Some plans will also set the loan minimum at $1,000. Still others will impose administrative and service fees for processing the loan. And most require that the loan be paid back in equal amounts over the term. For example, excluding interest, a borrower who receives $25,000 may have a loan payback schedule of $416.67 each month ($25,000/60 months=$416.67 per month).

When to Consider a 401(k) Loan

How positive an effect a 401(k) loan has on your overall financial picture depends on the interest rate at which the loan is obtained, job security for the length of the term, and how the money is used. One other factor that is largely ignored is the state of financial markets at the time the loan is taken out. For example, if equity mutual funds comprise a large part of your 401(k), during a market downturn you could potentially lose money. If you've borrowed money from the account, the impact of negative returns will affect a smaller portion of your account. If the money is repaid before a market upswing, it's possible that returns will be greater than if the loan wasn't paid back at that time. This is by no means intended as advice to try to time the markets. However, it usually is not a good idea to take a loan against your 401(k) during a lengthy bull market.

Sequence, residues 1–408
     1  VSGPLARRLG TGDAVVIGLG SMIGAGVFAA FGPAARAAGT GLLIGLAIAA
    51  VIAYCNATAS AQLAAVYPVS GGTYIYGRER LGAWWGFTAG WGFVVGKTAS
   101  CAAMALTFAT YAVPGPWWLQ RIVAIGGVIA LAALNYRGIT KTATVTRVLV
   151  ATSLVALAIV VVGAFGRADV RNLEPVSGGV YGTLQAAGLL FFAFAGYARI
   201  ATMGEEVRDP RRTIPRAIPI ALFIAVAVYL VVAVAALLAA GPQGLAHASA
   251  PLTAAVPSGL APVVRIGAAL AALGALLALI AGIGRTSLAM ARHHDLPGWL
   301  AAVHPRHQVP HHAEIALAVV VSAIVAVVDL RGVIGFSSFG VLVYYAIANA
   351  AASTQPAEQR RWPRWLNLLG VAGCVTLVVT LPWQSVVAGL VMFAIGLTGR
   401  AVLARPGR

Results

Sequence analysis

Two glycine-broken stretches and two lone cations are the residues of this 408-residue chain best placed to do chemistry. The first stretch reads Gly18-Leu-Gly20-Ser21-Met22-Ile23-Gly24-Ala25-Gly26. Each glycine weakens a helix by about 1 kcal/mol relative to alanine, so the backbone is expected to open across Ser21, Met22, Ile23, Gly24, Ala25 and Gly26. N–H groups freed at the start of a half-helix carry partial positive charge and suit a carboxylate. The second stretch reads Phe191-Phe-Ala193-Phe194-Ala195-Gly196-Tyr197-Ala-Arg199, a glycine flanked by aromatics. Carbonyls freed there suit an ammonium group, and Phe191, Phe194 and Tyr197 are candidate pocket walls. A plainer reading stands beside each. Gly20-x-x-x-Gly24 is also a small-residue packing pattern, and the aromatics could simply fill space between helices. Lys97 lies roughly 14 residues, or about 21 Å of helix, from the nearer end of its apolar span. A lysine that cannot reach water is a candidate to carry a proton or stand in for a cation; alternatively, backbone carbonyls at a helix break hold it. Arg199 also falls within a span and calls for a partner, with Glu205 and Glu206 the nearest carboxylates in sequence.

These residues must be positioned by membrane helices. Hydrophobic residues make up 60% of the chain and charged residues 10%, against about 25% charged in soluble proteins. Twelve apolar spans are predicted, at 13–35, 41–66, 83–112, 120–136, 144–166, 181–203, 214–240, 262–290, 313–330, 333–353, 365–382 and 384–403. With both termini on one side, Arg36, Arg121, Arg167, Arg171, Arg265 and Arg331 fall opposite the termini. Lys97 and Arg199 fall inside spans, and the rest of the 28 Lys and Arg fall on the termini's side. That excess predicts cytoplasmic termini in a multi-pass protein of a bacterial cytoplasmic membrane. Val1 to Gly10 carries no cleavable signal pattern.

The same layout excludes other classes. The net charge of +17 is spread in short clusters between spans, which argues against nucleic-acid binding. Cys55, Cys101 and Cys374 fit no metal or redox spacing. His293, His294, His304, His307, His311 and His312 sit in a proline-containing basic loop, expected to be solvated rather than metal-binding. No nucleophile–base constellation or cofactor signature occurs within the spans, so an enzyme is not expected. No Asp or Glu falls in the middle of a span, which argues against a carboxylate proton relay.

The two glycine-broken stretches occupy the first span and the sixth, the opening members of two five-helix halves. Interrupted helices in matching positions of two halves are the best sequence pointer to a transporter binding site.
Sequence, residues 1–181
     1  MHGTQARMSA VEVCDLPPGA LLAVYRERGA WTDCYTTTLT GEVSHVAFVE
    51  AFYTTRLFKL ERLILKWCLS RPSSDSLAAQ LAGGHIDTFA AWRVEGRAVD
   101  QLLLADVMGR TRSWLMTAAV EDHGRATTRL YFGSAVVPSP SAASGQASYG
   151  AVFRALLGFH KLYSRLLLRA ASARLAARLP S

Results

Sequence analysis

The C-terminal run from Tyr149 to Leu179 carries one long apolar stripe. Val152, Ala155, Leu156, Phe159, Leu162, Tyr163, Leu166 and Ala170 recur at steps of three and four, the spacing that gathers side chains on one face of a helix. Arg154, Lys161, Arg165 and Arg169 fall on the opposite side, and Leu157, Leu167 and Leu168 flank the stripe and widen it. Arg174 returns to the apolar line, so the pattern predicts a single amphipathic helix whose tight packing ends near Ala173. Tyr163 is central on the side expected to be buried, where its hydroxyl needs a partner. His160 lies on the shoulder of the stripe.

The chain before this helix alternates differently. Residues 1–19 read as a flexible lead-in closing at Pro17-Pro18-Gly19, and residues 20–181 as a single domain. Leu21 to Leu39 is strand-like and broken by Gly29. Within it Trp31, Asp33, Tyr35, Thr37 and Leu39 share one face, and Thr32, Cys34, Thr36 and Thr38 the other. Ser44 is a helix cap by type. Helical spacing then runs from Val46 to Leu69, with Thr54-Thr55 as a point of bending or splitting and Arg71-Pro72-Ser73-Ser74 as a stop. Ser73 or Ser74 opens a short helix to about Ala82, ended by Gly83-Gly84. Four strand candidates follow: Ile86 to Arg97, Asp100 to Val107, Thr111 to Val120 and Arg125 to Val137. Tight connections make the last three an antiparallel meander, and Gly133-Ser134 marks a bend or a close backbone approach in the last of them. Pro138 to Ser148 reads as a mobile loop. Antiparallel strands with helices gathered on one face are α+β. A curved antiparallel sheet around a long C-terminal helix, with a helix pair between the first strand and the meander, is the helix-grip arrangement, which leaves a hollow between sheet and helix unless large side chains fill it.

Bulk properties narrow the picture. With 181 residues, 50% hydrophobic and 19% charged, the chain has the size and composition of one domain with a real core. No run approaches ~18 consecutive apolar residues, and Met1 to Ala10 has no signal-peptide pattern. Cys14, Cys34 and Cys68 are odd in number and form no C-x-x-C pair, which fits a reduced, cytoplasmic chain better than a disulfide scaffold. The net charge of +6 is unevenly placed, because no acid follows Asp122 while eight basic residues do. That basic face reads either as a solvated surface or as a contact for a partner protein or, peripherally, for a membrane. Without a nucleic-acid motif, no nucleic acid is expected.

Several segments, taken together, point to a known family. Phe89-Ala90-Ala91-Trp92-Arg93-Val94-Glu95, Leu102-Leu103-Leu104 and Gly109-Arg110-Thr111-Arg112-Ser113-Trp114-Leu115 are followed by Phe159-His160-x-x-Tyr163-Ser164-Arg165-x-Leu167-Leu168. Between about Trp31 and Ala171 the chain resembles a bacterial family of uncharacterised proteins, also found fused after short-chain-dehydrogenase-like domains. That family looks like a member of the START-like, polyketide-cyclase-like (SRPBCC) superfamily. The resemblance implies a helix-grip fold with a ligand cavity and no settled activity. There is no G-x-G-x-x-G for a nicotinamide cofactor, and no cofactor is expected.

The Benefits of 401(k) Loans